In this series of articles, the American Trail Running Association recognizes and celebrates trail race volunteers and trail runners like Kyle Robidoux who have dedicated themselves as everyday athletes to grow trail running in their community. “View from the Pack” is supported by ATRA corporate member RaidLight.
Kyle Robidoux was an attendee and panelist at the 2018 US Trail Running Conference where he provided insight to his experiences as a runner who is visually impaired and offered race directors suggestions for making their events more user-friendly for both the visually impaired runner and his or her guides. From that conversation, Greg Lanctot, owner of Pacific Coast Trail Runs in California, included some of these takeaways at his Los Gatos Trail Run in September.
Lanctot said, “Along with the Marathon, Half, and 10K events, we created a ‘California School for the Blind 5K.’ Some of the things that I did, in addition to normal race day preparation, to make them feel welcome, comfortable, and successful, are listed below. We had 8 runners and guides.”
- Blind Runner Bibs
- Guide Bibs
- Welcome Signs
- Started event at 9:05am – 5 minutes after 10K event
- Alerted runners to RUNGO APP (which gives verbal commands)
- Alerted runners to taco bar menu options (no braille menu made)
Name: Kyle Robidoux
Hometown: Boston, MA
Years Running Trails: Four years
Miles per week running on Trails:
Average about 10-15 MPW. Weekly training is 50-75, but getting to trails without driving is challenging in Boston.
Approximate number of trail races run each year, and longest trail race completed:
Completed three 100-mile races and run about half dozen trail races each year.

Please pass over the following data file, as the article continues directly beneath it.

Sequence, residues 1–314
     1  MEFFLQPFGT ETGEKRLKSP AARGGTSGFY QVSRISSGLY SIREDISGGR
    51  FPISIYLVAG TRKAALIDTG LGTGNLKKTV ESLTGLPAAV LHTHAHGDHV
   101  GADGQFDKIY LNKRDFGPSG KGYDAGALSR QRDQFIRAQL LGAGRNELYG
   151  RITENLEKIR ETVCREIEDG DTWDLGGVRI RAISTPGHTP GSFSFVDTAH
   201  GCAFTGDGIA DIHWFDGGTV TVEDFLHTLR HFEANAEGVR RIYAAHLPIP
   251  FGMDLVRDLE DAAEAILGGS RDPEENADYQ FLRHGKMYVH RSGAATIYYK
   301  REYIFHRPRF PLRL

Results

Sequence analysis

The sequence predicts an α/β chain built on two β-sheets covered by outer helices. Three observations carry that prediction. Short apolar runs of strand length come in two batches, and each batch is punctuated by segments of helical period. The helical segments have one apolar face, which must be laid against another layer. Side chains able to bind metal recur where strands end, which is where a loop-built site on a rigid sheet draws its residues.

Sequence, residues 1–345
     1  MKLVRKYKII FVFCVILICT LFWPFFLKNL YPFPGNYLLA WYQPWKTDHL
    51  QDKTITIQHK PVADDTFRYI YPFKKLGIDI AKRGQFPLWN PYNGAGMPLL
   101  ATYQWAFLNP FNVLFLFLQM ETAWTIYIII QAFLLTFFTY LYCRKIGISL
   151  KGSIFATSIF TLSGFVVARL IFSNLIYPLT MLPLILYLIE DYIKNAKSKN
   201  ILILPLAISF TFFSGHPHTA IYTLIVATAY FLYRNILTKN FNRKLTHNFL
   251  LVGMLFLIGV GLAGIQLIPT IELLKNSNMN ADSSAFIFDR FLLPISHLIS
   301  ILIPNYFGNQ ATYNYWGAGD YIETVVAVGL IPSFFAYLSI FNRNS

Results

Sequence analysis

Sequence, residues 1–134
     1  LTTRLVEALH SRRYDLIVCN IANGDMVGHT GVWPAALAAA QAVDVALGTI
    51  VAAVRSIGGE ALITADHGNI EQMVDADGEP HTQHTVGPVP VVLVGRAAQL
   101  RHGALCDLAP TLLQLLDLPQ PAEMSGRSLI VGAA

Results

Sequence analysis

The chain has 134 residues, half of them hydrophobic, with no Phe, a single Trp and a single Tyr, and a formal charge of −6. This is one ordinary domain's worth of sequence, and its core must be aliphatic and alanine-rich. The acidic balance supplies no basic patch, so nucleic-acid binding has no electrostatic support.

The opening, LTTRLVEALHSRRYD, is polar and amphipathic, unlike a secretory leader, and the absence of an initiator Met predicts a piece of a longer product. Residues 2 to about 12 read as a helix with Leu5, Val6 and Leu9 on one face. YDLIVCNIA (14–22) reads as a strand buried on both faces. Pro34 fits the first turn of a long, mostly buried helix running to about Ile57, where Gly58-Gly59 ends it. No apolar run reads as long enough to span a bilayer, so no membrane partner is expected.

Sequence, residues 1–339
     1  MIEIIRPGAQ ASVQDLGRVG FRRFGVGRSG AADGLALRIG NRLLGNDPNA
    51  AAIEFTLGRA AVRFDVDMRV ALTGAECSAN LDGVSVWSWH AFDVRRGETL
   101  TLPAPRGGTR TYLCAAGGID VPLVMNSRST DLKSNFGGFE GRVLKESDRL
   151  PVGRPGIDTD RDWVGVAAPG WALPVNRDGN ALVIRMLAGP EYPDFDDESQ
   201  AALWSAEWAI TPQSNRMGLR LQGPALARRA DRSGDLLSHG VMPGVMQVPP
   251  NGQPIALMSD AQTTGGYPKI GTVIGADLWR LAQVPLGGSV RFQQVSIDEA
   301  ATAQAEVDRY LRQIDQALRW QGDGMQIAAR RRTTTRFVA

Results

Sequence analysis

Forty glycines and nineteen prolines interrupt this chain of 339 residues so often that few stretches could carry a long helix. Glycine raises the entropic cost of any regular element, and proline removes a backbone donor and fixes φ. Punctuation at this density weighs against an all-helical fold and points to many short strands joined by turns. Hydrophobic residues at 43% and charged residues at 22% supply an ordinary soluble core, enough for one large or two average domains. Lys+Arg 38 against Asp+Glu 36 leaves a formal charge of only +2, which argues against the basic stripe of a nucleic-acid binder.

What got you into trail running?
I grew up in Maine and always enjoyed being in the woods. Running trails was a naturally transition when I began running ultras.
What motivates you to keep running?
I gain a tremendous amount of motivation from my wife and daughter as well as my trail running peers.
Have you witnessed any differences between trail running and road running?
I think the trail running scene is more low-key and outdoor adventure focused. Although still competitive, I think trail runners are incredibly supportive of new trail runners and embrace the “no runner left behind” mantra.
Trail running is a sport where you can line up at the start with some of the best trail runners in the world. Does this intimidate you, foster a sense of inclusion, or fall somewhere in between?
This is one of the aspects that I love about trail running! I am not intimated, if anything it challenges me to push harder. I think elite trail runners are the most accessible, approachable, and supportive athletes of any sport.
What is your opinion of the camaraderie you’ve witnessed in trail racing?
Trail running embraces camaraderie like no other sport. Personally, I have benefited from the generosity of dozens of trail runners who have shared their sight as volunteer sighted guides.
What advice would you give to a fellow runner who may be hesitant about entering a trail race?
Start with a race distance they are comfortable with, reach out to a local trail running club to get in a few practice runs, then just go for it and have fun.
People often reward themselves after a hard trail race. What is your post-race indulgence?
I pick out one great local beer to enjoy post-race and the fay after. Post-race is more celebratory and the day after is more reflective on my accomplishment.
Do you have a favorite motivational trail race story to share?
My only two DNFs are my first two trail races which were training runs for a 100k. The morning of the 100k I made a pinky-swear with my daughter that regardless of my time I was going to finish the full distance. The course had some very technical sections and I finished in 25.5 hours (I have since completed two 100-milers under this time). Setting pace goals is often very important but sometimes you just need to grind it out and finish the distance.